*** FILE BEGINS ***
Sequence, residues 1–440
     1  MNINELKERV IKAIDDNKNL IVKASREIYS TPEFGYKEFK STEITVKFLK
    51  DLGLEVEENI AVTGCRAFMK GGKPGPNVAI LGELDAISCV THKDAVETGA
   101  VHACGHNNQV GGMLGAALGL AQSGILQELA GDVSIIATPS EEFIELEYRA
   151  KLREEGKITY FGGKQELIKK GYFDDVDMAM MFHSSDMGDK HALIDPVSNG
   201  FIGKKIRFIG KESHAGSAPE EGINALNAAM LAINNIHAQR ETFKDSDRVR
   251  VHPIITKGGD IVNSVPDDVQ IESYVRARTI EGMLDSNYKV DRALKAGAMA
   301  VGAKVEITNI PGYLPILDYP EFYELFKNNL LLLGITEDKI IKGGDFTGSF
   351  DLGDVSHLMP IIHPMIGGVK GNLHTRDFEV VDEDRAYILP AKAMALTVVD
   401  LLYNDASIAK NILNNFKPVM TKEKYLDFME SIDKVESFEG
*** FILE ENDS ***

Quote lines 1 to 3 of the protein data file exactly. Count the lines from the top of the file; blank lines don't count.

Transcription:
Sequence, residues 1–440
     1  MNINELKERV IKAIDDNKNL IVKASREIYS TPEFGYKEFK STEITVKFLK
    51  DLGLEVEENI AVTGCRAFMK GGKPGPNVAI LGELDAISCV THKDAVETGA